Now back at school after a two-year break, the children are finding it difficult to readjust to the old routine. “We observe an overall decline in daily habits, communication and focus,” says Bagade. “Some kids have become aggressive, impatient and violent because their routine has again changed suddenly. They are unable to understand the change.”
Whereas Prateek still has some years to make up for some of the learning loss, it’s the last year of school for 18-year-old Vaibhav Petkar. The Persons with Disabilities (Equal Opportunities, Protection of Rights and Full Participation) Act, 1995 says ‘every child with a disability has access to free education in an appropriate environment till he attains the age of eighteen years.’
“After that, they usually stay at home as their families cannot afford vocational training institutes,” says Bagade.
Diagnosed with ‘severe mental retardment’ at the age of nine, Vaibhav cannot speak and suffers from recurring epilepsy attacks that require regular medication. “Early intervention and special schooling at the age of 7-8 strengthen the child’s development, his ability to acquire new skills, daily life functioning, and behaviour control,” explains Dr. Mona Gajre, paediatric neurologist, developmental disorder specialist, and professor at the Lokmanya Tilak Municipal General Hospital in Sion in north-central Mumbai.
Vaibhav started schooling only in 2017, at the age of 13. With close to three years of practice and training, he learnt self-care habits, better behaviour control, and some skills such as colouring. “With occupational therapy, he had improved a lot,” says Bagade. “He used to paint. He used to be quite interactive. He would get ready before other kids,” he recalls. When he was sent back home in March 2020, Vaibhav was not prone to aggressive behaviour either.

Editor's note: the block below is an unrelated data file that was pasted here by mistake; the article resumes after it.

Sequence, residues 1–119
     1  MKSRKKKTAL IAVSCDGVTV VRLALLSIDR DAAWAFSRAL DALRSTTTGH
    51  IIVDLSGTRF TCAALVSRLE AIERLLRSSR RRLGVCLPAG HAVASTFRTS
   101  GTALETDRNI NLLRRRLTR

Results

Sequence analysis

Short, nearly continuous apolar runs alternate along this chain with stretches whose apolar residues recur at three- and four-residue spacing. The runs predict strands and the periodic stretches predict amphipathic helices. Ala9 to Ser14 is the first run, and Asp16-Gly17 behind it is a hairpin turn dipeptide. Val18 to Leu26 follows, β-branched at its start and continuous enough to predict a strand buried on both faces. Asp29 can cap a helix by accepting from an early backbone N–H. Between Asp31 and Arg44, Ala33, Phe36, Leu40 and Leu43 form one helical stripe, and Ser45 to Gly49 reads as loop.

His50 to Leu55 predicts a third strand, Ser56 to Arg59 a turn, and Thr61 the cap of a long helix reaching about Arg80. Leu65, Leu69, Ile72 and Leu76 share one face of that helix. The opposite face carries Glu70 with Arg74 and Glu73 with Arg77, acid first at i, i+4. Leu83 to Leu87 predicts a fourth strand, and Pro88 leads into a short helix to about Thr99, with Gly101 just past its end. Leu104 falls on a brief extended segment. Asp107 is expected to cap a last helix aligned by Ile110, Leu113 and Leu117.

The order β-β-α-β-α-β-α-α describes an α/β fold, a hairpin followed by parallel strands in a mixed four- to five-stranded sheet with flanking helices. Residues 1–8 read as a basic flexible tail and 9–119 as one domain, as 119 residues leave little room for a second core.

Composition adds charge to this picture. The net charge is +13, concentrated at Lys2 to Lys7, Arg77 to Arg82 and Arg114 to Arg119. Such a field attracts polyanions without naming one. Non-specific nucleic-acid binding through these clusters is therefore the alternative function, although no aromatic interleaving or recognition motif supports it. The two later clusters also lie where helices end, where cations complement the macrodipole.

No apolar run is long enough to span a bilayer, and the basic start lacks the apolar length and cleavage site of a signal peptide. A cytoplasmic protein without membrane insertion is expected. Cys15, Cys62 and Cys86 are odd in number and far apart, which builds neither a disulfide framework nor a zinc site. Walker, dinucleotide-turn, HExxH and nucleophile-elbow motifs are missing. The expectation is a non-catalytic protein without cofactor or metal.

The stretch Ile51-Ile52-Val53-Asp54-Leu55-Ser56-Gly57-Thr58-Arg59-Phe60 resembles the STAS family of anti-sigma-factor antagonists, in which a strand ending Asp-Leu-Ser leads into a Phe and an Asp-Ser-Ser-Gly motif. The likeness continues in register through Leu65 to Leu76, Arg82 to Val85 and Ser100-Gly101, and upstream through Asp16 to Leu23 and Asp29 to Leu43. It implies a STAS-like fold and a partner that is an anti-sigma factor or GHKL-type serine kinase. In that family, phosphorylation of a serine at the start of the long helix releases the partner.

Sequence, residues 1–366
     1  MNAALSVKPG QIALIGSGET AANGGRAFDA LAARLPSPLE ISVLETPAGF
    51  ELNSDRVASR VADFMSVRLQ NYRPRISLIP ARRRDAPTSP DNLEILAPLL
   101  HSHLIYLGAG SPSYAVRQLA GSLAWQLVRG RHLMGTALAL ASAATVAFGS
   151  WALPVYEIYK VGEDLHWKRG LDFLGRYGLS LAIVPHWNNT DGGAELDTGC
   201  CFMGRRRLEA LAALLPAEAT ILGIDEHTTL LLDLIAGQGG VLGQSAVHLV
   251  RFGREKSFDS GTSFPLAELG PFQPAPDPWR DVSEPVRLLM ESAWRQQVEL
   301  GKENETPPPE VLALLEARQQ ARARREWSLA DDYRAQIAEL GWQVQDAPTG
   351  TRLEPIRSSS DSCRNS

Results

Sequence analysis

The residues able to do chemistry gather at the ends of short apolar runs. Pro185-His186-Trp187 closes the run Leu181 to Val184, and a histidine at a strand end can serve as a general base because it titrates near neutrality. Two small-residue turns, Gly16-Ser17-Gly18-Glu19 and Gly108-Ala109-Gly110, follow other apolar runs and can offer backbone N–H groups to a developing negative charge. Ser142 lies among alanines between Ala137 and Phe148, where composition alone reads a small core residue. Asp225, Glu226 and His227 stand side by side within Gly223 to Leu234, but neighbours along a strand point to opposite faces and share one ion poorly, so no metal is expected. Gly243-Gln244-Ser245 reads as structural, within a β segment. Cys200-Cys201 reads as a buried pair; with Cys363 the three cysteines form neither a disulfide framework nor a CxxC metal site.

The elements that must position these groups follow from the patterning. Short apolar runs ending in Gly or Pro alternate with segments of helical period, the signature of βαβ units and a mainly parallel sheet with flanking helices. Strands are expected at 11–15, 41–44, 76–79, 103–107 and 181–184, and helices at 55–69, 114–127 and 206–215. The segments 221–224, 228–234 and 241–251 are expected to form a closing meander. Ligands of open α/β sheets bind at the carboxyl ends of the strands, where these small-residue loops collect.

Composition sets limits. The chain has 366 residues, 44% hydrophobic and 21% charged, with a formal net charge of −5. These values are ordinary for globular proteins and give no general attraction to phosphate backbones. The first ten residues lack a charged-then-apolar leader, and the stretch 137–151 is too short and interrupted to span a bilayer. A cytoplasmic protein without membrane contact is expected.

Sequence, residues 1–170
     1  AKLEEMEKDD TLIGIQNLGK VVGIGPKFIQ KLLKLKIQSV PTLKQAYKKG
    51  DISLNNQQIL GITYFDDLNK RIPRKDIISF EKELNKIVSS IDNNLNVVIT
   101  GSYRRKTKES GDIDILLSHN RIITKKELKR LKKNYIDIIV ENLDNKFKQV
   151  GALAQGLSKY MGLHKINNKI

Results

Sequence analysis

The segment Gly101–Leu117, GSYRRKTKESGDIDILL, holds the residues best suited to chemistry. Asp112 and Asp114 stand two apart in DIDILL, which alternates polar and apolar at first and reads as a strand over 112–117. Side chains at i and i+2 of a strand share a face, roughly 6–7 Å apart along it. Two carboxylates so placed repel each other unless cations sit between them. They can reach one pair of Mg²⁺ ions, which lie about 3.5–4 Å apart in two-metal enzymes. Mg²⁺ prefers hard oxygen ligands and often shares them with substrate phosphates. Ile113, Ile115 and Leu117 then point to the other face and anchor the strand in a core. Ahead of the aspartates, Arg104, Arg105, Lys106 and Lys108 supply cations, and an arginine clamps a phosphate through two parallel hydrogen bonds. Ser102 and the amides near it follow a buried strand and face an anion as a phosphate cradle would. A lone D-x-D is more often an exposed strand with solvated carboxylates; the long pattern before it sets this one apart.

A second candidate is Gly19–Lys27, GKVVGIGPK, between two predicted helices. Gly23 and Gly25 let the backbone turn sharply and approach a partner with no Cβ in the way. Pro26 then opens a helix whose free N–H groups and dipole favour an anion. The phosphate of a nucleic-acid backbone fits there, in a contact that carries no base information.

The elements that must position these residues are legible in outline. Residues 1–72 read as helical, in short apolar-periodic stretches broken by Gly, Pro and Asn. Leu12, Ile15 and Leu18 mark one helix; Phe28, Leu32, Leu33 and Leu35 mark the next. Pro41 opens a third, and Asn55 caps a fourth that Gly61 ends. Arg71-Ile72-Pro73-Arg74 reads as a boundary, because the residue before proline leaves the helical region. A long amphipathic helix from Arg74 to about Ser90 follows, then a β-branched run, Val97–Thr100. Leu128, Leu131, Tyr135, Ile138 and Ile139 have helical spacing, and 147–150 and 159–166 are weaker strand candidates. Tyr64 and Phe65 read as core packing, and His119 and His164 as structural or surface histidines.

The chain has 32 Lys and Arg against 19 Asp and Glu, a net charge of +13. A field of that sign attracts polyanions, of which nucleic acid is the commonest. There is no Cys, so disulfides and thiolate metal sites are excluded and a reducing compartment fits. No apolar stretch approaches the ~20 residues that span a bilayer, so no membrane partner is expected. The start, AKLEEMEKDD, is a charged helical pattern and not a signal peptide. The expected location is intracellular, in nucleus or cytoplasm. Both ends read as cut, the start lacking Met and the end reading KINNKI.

Vaibhav’s parents, Shivaji and Sulakshana, work throughout the year on the two acres of land owned by his grandparents. They cultivate maize, jowar , and sometimes onions, in the kharif season. In the rabi season, from December to May, they work as farm labourers. That leaves no time to attend to Vaibhav, who sits alone in their one-room house in Koregaon, a village in Karjat taluka of Ahmadnagar district.
“With the school closed for two years, he has become aggressive, stubborn and sleepless. His restlessness seeing people around has grown again,” says Bagade. “He is not able to recognise colours anymore.” Two years of staying at home, playing with a dummy smartphone, has been quite a setback for Vaibhav.
Teachers at Dnyanprabodhan Matimand Niwasi Vidyalaya are reconciled to the fact that they may now have to start teaching everything all over again. “Now our priority is to make children comfortable with the school environment and routine,” says Bagade.
Prateek and Vaibhav will have to relearn the skills and knowledge they had acquired before the pandemic. Since they were sent home immediately after the pandemic started, living with Covid-19 will be a vital part of their new learning.
On June 15, 2022, Maharashtra recorded 4,024 new coronavirus cases, a 36 per cent increase over the previous day, as per the state health department. With Covid cases rising in Maharashtra, it is important to ensure that measures are in place to protect the kids from the virus.
“Our entire staff is fully vaccinated. We have masks and PPE kits for our helpers and teachers because our kids already have health conditions,” says Bagade. “Although masks will make communication difficult for kids because they understand better when they read facial expressions.” Teaching children why they must wear a mask, what is the correct way to put it on, and why they must not touch it, will be a challenge, he adds.
“When it comes to teaching something new to intellectually disabled children, we demonstrate each action stepwise, very patiently, and repeatedly to help them memorise easier,” explains Dr. Gajre.
Among the first things students at Dnyanprabodhan Matimand Niwasi Vidyalaya learnt upon returning to school was handwashing.
“ Khayla…khayla…jevan … [To eat…to eat…food],” Vaibhav keeps repeating, asking for food. “For many of our kids, washing hands indicates it is mealtime,” says Bagade. “So, we must make them understand the meaning of frequent handwashing [in times of Covid].”